New consumer watchdog to get tough on financial firms

By Marianne Curphey

There's a new consumer watchdog organisation in the UK, which consumer advocates hope will make it much more difficult for financial firms to mislead consumers.

On 1 April, the Financial Services Authority, which has regulated financial services since 1997, was abolished, giving rise to two new organisations -- the Prudential Regulation Authority (PRA) and the Financial Conduct Authority (FCA). It's the FCA that will likely affect consumers' lives the most, particularly when it comes to predatory lending.

Here is a look at the changes that are coming, how they affect you and what differences you may see when the new watchdog takes over.

What is the new watchdog and when does it take over?
The FCA is responsible for protecting consumers from harmful or mis-sold financial products. According to a March 2013 government announcement, in 2014, it will take responsibility for the regulation of consumer credit, which currently falls under the jurisdiction of the Office of Fair Trading (OFT). financial-reform

The other new regulatory body, the Prudential Regulation Authority, will be a subsidiary of the Bank of England. Its job will be to regulate banks, building societies and other companies that take deposits from consumers, and also to supervise insurance companies.

Why was the FSA abolished?
There have been criticisms from consumers and advocates that the FSA did not intervene quickly enough to prevent scandals such as the mis-selling of payment protection insurance (PPI) and has been too slow to deal with payday lenders.

How is the FCA supposed to be different?
The main difference is that the FCA will have a narrower focus. While the FSA was charged with broad financial regulation (including the soundness of financial institutions and making sure big institutions did not fail), the FCA's concerns lie only in how those firms treat their customers. The Prudential Regulation Authority will pick up the responsibility for monitoring banks' stability. The Treasury provides a diagram showing the relationship between these two organisations here.

Compared to the FSA, the new watchdog organisation will be able to take quick and more extreme actions against firms and products it has deemed harmful to consumers.

"Consumer credit is going to come under a tougher regime and hopefully the FCA will have more power to prevent problems for consumers," says Frances Walker, head of media at Stepchange Debt Charity. "It will have significant powers including product intervention power."

One of the FSA's biggest new powers is the ability to ban financial products straight away without consultation. In the past, the FSA had to go through a lengthy analysis of a financial product before removing it from the market, meaning a risky product could continue to be sold. In the future, if the FCA deems a product risky, it will be able to remove it from the market before the consultation and analysis process, according to this announcement from the FSA. If it deems the product safe, the product can return to the market. If not, it will be permanently banned.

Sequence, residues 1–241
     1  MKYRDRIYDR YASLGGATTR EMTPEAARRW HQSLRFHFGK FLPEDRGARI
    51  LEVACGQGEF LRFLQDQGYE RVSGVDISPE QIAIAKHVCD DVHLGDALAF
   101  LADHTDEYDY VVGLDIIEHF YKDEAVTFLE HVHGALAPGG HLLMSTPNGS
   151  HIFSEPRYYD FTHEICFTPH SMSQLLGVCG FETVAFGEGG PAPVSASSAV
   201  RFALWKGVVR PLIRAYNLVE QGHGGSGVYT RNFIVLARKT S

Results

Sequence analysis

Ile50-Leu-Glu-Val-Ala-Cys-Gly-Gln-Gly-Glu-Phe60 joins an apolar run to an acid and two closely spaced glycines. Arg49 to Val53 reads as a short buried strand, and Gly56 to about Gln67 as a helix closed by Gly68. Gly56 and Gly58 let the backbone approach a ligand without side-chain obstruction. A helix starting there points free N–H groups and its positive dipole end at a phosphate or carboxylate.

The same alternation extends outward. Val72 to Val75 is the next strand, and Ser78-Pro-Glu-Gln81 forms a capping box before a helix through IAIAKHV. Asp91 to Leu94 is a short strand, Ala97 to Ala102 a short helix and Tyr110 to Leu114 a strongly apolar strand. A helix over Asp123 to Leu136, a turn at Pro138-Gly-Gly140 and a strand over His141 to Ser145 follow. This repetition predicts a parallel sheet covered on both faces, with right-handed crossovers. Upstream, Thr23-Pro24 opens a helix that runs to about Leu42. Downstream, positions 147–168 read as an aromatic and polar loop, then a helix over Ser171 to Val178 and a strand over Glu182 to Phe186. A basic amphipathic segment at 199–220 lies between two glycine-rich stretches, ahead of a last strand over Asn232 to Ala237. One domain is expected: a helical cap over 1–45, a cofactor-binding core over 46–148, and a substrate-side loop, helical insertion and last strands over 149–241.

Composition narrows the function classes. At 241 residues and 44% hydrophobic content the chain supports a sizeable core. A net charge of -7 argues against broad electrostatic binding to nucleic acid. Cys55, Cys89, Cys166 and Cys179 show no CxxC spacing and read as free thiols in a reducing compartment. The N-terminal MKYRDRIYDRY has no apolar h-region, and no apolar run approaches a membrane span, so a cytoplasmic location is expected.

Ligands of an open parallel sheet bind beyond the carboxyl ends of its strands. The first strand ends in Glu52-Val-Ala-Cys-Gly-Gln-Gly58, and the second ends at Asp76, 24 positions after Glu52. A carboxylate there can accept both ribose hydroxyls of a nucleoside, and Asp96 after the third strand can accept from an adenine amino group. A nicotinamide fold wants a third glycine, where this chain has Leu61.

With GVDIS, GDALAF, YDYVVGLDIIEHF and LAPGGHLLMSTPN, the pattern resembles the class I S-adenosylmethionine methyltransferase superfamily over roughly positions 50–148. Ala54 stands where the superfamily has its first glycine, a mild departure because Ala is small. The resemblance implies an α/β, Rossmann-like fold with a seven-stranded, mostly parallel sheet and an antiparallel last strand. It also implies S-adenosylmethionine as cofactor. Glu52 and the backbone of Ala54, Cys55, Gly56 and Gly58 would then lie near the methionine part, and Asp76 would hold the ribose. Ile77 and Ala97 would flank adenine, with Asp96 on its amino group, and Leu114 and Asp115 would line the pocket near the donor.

The FCA will also be able to ban any adverts related to products while it's consulting on them, order firms to compensate consumers, impose unlimited fines on offending companies and ban companies (and even senior managers) it deems responsible for the problems.

Which businesses might the FCA target?
The FCA recently announced that its first order of business will be policing the payday loan industry. The FCA has the ability to cap payday loan interest rates and limit the number of times these loans can be rolled over. Yet it's still not certain whether the FCA will actually use these powers when it takes authority over consumer credit in 2014.

Walker says she's hopeful that bringing regulation of payday lenders, formerly monitored by the Office of Fair Trading, under the FCA regime will benefit consumers.

"The OFT had more limited powers and not the resources it needed and it has not had a happy history on consumer intervention," she says.

Debt collection agencies will also fall under the FCA's jurisdiction, and the agency's scrutiny could do much to weed out rogue collectors.

However, Walker emphasizes the start of the the new watchdog's operational powers over consumer credit is a year off and some of the issues are still at "consultation stage."

What do consumer protection groups think about the new regime?
"The sounds we have heard so far have been positive," says Paul Crayston, spokesman for National Debtline.

He says a new regulator would definitely make a difference, but "we have yet to see whether that difference will be positive or negative, although we are cautiously optimistic."

It's a good sign, though, that the FCA has been given "more teeth" than its predecessor agencies, says Crayston.

"It has been given further powers already and that is a good thing," Crayston says.

See related: Payday lenders to face severe crackdowns, New rules set to curb aggressive bailiffs

Published: 9 April 2013